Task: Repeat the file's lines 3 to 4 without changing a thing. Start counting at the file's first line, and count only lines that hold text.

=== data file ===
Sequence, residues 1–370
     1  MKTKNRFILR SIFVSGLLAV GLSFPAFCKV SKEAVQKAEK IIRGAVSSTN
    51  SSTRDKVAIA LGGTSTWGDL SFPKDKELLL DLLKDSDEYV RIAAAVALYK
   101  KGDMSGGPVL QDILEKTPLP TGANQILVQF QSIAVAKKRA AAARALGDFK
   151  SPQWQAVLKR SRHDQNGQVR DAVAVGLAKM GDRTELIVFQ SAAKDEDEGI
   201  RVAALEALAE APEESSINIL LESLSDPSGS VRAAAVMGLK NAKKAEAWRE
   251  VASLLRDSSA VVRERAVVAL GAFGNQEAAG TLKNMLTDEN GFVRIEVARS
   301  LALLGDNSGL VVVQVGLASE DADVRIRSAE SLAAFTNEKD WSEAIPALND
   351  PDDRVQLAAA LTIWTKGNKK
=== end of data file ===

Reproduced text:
    51  SSTRDKVAIA LGGTSTWGDL SFPKDKELLL DLLKDSDEYV RIAAAVALYK
   101  KGDMSGGPVL QDILEKTPLP TGANQILVQF QSIAVAKKRA AAARALGDFK